February 01, 2013
The Financial Services Authority (FSA) has found evidence of widespread mis-selling of interest rate hedging products (IRHPs) to small firms following a pilot review. As a result, Barclays, HSBC, Lloyds and RBS will start a full review of their sales of the products to small businesses and set about providing redress.
The FSA looked at evidence of individual sales of IRHPs, together with the bank's and an independent reviewer's assessment of each file. It also took evidence from customers. In all, the FSA looked at 173 sales to "non-sophisticated" customers and found that over 90% of the sales did not comply with at least one or more regulatory requirement.
Now the four banks will review individual sales and provide redress to customers based on principles outlined in the FSA report. The FSA said a significant proportion of the 173 cases reviewed are likely to result in redress being due to the customer.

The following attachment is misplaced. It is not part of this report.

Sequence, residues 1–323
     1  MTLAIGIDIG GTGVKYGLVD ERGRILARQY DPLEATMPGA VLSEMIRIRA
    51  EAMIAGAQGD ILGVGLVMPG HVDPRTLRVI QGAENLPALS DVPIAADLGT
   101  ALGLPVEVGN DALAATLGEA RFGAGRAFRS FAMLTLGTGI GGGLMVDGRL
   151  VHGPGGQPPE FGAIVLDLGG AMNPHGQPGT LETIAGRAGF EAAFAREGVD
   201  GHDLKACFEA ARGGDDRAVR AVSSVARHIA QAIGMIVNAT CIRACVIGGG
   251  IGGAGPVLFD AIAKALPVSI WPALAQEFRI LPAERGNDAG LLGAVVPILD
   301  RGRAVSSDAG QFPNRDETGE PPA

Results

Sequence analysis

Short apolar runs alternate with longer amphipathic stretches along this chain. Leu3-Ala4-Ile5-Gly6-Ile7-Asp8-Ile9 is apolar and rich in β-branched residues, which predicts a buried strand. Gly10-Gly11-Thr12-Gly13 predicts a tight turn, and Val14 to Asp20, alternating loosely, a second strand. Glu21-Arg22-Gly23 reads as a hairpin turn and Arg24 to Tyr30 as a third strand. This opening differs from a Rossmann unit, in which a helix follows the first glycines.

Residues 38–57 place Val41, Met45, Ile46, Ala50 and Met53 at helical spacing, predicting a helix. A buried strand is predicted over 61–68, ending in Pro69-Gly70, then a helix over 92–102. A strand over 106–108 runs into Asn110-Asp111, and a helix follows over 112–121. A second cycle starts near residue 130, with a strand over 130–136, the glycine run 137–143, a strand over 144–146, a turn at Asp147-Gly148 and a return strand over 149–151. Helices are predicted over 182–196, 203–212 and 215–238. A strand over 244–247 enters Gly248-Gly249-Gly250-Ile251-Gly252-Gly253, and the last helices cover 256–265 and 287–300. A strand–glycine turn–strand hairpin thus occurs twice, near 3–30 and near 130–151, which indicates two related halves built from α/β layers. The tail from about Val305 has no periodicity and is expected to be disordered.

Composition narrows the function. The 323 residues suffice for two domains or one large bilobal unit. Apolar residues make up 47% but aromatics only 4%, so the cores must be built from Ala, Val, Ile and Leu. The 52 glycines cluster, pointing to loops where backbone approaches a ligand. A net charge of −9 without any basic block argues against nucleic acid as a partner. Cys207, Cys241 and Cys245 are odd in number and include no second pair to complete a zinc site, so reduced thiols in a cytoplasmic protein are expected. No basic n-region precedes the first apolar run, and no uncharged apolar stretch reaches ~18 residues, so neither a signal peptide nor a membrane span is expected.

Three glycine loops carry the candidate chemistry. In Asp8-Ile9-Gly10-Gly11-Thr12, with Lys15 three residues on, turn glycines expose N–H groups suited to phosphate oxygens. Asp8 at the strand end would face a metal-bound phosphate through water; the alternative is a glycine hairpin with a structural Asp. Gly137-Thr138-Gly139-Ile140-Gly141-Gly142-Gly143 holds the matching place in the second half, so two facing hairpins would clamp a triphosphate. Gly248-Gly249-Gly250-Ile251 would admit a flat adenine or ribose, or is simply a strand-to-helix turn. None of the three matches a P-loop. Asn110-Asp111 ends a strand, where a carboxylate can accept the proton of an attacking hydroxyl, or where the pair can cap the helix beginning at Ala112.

The FSA has also been reviewing sales of IRHPs by Allied Irish Bank (UK), Bank of Ireland, Clydesdale and Yorkshire banks, Co-Operative Bank and Santander UK. The FSA aims to be able to confirm that these banks can launch their reviews by 14 February.
Martin Wheatley, CEO designate of the Financial Conduct Authority, said: "Where redress is due, businesses will be put back into the position they should have been without the mis-sale. But it is important to remember that this review is firmly focused on the particular circumstances of each sale."
Phil Orford, chief executive of the Forum of Private Business (FPB), said: "To see that 90% of the FSA's sample review of sales broke regulations is shocking, but unsurprising. Products forced on customers to 'protect' them have in fact caused stress, debt and closure for many small businesses. This is another epic fail by the banks, but one they must put right – and quickly too."
John Walker, national chairman, Federation of Small Businesses (FSB), said: "This is alarming, but it will come as a relief to the thousands of small firms who have been anxiously waiting for an outcome on this very complex situation. However, we are concerned that the FSA has not mandated that all payments are suspended when a firm enters into the scheme – we would like the banks to do this for their customers. There is also a lack of clarity on what full redress looks like."